Best of all are the tracks where Yorke supplies that famous fragile falsetto of his on such as Has Ended and Open Again. Suspirium Finale is a take on Suspirium with strings supplied by The London Contemporary Orchestra, who also contributed to Radiohead’s A Moon Shaped Pool. It’s as good as anything on that 2016 album.

Other pieces such as Sabbath Incantation obviously have a definite purpose in accompanying some specific narrative event on-screen, and these prove less successful as music you’ll want to listen to on any kind of regular basis. For the sake of album cohesiveness, Yorke might have been wise to drop some of these moments. Most fans will likely want to programme their own version.

Uneven but mostly engrossing.

8/10

To stream or buy the album click here.

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Suspiria 2018

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Suspiria_2018

The upcoming remake of Suspiria isn’t something that I’ve been getting too excited over.

If you read my previous post you’ll know I’m a Dario Argento fan and like most fans, I tend to balk at the idea of remakes of films that I’ve cherished for years – I first saw Suspiria during a short run in Glasgow at the tail end of 1977. Although my memory might be faulty here I think I can just about remember it being part of a X certificate double bill with Black Christmas. Oh and me still underage! Those were the days, my friends.

Despite my completely predictable reservations about the reboot, I was curious enough to have a gander at the trailer when it was released earlier tonight.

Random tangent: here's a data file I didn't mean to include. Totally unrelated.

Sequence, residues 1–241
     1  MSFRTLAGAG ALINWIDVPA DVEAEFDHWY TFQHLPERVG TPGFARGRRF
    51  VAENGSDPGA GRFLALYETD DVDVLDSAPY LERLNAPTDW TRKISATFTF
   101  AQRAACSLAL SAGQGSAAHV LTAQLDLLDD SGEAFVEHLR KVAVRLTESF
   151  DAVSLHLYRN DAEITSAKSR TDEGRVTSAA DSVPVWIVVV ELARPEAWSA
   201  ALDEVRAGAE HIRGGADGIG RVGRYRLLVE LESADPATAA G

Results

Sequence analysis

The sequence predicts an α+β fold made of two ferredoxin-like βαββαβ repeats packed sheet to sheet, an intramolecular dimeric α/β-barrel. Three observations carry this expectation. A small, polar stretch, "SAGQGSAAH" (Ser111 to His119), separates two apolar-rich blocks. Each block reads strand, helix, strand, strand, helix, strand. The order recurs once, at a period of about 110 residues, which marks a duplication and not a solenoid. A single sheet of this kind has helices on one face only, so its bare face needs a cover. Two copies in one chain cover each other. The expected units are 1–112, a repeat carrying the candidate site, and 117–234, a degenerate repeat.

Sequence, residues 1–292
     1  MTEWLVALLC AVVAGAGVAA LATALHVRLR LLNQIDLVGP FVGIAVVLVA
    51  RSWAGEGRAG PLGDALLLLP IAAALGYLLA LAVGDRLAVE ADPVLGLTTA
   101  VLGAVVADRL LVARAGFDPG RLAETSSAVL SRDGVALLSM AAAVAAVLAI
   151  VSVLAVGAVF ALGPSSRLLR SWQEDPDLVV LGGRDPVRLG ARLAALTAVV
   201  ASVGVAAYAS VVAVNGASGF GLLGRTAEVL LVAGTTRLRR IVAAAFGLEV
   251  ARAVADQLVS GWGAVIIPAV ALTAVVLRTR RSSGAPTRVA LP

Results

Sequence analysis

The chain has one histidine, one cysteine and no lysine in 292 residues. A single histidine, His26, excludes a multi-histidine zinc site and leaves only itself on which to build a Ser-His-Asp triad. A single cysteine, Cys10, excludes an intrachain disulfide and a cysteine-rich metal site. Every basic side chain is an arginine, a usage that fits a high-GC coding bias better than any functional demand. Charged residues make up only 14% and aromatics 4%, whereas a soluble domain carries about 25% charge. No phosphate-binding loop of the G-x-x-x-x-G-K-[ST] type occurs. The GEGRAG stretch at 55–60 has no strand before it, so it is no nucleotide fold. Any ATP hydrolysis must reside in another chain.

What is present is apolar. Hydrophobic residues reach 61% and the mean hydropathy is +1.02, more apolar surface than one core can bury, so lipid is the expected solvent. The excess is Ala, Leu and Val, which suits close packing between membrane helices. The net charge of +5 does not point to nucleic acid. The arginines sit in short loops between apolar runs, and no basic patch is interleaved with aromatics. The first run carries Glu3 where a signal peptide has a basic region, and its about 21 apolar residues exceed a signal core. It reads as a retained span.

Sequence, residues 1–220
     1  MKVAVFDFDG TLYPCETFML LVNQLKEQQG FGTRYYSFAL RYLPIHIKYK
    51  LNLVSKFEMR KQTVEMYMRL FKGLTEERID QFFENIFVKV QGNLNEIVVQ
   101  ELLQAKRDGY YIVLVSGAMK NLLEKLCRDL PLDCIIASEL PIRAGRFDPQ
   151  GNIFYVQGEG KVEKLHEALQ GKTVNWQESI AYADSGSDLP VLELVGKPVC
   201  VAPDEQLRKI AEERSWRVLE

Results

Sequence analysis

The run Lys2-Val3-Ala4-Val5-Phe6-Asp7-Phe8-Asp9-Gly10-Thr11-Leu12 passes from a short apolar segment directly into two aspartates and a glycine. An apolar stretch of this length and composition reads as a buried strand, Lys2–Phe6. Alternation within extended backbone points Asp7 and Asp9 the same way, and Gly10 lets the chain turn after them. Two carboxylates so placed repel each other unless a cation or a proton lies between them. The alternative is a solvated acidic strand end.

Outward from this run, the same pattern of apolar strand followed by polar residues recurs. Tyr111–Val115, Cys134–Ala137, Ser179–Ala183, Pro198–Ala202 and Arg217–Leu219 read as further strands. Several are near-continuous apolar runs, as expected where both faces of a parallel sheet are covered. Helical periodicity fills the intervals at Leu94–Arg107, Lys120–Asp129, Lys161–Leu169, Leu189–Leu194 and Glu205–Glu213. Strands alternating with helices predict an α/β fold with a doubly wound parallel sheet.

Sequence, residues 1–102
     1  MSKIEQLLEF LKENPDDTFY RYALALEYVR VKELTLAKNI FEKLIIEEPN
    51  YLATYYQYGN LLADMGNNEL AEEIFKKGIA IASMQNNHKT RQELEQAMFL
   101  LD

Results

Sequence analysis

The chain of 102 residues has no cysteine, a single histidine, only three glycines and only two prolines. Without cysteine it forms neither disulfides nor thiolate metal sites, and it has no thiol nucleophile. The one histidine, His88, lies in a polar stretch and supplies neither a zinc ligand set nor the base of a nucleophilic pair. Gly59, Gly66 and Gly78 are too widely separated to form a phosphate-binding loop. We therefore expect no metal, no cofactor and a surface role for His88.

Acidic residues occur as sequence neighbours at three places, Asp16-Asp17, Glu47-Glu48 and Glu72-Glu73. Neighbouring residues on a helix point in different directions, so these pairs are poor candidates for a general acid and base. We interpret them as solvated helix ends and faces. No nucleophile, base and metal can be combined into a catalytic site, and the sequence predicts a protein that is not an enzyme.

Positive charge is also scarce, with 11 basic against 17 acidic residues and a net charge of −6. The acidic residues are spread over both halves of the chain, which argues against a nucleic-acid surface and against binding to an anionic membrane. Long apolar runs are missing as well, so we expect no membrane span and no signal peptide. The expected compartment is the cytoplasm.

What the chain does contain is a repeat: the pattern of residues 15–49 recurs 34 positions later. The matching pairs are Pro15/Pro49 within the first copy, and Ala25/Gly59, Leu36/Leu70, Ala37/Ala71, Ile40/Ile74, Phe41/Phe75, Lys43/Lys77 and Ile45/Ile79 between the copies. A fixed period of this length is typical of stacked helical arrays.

Surprisingly enough, it does look promising enough. If I hadn’t known it was for the remake of Argento’s supernatural horror classic, it might even have sold me on the film. And I can confidently predict that, if nothing else, the ballet this time round will be more authentic.

Notably, it looks as if Guadagnino has completely ditched the neon primary colours of Argento’s original – which is very possibly the reddest movie ever made – and doesn’t seem to be following the original script too closely either. Indeed, Guadagnino has voiced his opinion that while his movie is ‘inspired by the same story… it goes in different directions, it explores other reasons.’

Trailers, of course, aren’t the most reliable indication of whether a film will be any good or not. At this stage pedigree is more important.

Directed by recent Oscar nominee Luca Guadagnino (Call Me By Your Name), the remake stars Dakota Johnson (Guadagnino’s A Bigger Splash) and Chloë Grace Moretz (Kick-Ass) together with frequent Guadagnino collaborator Tilda Swinton. Jessica Harper, the star of the original, also appears in a new and much smaller role. Thom Yorke is providing the score.

So, a very decent pedigree. Well, if we ignore the fact that Johnson also starred in that 50 Shades nonsense.

Okay, here I have to admit that despite the talent involved, there’s next to no chance that this film will match the magic of Argento’s masterpiece.

Hopefully, though, a decent percentage of younger cinema-goers who have never seen the original will be persuaded to seek it out.

Currently in post-production, Suspiria should make it to British cinemas around November of this year.